Purification of ERp29 from rat liver
Since ERp29 had no known activity, our main design goal was to use non-denaturing purification conditions where the classical reticuloplasmins remained active. Rat liver was adopted as source tissue because we had previously established that ERp29-enriched microsomes could readily be prepared in sufficient bulk, a feature not shared by some other tissues that express ERp29 more highly . As described in the Experimental section, the successful five-step purification procedure involved sequential chromatographies of Triton-solubilized microsomes on anion-exchange, heparin-affinity and size-exclusion columns (Figure 1A). With refinements made to expedite progress between the chromatography steps, it was practicable to complete the preparation in only 3 days.
Purification of native ERp29 to homogeneity
ERp29 was obtained with high purity, being observed as a single major band at 29 kDa on SDS/PAGE after staining with either Coomassie Blue or silver (Figure 1A), and after immunoblotting (see Figure 3A). Using reverse-phase HPLC to check for small contaminants invisible to SDS/PAGE (Figure 1B), ERp29 was again the only major species detected. Edman analysis gave a single sequence (LHTKGALPLD…) that corresponded to the mature N-terminus of ERp29, as expected. Overall, ERp29 underwent a 4800-fold purification with 13% recovery, and a yield of 120–140 μg was obtained from the standard preparation that employed four rat livers. The heparin-affinity step was critical to the success of this procedure, providing a 40-fold enrichment (Figure 1 and Table 1).
|Step||Volume (ml)||Protein (mg)*||ERp29 (mg)†||Purification (fold)||Recovery (%)|
|1. Tissue extract||100||4863||0.97||1||100|
|Step||Volume (ml)||Protein (mg)*||ERp29 (mg)†||Purification (fold)||Recovery (%)|
|1. Tissue extract||100||4863||0.97||1||100|
Determined by dye-binding assay and SDS/PAGE with Coomassie Blue staining (Steps 1–3 and 4–5 respectively, as defined in the Experimental section).
Quantified by immunoblotting and Coomassie-Blue-stained SDS/PAGE (Steps 1–3 and 4–5 respectively).
Two practical issues concerning contamination and stability are noteworthy because of their potential to influence functional analysis of ERp29. ERp29 preparations were prone to contamination by a major heparin-binding protein that was identified as ERp60 (Figure 1A). However, as crucial for the PDI assays described below, ERp60 could be removed completely by appropriate selection of fractions or by repetition of the heparin-affinity step. ERp29 remained intact and soluble for >2 weeks when stored on ice after the size-exclusion step (assessed by SDS/PAGE after centrifugation at 20000 g), but major losses were observed from samples concentrated above 1 mg/ml or freeze–thawed repeatedly. These solubility problems were overcome by including trace amounts of a non-ionic detergent in the storage solution.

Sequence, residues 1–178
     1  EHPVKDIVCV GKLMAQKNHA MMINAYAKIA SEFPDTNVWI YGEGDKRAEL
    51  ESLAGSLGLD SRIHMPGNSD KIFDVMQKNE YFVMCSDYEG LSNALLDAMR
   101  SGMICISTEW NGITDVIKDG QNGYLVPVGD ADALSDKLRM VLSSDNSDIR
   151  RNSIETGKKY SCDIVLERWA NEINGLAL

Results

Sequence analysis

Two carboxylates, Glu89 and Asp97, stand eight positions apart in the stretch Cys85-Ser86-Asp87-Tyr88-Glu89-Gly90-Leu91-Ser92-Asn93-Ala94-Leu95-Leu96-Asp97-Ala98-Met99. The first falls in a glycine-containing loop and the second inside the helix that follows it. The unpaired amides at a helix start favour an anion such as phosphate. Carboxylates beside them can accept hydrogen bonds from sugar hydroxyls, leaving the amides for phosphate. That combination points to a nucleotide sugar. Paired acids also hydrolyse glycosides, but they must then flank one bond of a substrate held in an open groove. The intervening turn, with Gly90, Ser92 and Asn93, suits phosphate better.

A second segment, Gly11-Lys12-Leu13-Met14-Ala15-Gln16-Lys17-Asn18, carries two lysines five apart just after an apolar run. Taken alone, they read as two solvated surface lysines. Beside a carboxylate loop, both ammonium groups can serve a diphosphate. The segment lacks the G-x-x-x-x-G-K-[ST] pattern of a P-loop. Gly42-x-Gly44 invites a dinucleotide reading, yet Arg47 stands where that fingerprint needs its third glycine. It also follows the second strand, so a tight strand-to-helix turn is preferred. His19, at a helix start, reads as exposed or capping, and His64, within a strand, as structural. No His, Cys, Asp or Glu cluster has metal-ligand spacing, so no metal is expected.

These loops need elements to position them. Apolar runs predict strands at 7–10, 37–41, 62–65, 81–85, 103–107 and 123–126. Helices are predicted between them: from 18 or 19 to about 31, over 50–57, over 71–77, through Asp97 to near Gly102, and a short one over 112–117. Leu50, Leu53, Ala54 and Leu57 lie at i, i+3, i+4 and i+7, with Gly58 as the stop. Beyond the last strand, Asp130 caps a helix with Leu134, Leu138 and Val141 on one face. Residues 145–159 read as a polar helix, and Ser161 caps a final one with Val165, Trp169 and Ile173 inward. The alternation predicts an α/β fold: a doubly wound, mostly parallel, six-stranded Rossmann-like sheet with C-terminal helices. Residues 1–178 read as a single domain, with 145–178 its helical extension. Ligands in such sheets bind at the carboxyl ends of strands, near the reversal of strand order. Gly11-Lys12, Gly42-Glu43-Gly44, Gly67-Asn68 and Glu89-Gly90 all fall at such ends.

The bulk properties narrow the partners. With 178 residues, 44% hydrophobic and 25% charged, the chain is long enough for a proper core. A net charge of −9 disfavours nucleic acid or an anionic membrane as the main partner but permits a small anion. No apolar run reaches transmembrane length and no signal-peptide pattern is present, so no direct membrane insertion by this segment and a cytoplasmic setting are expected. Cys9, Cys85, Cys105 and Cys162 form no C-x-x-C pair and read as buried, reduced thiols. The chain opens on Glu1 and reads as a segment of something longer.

Structural characterization of native ERp29
MS was applied to investigate an unexplained 12% mass discrepancy between the 29 kDa band observed on SDS/PAGE and that predicted from ERp29's cDNA sequence (25609.2 Da after removal of the signal sequence; ). With MALDI–TOF analysis, the two or three observable peaks all corresponded to charge variants of a 25.61 kDa species (Figure 2A). Higher resolution analyses using electrospray ionization gave a mass of 25609.9±0.5 Da (±S.E.M.), closely matching the predicted value for monomeric ERp29. Only trace amounts of a possible dimeric ERp29 adduct were observed in fresh preparations (Figure 2), and no other significant peaks were detected in the mass range investigated (0.8–100 kDa). These results indicated that ERp29 lacked additive post-translational modifications, and endorsed the high level of purity evident above (Figure 1).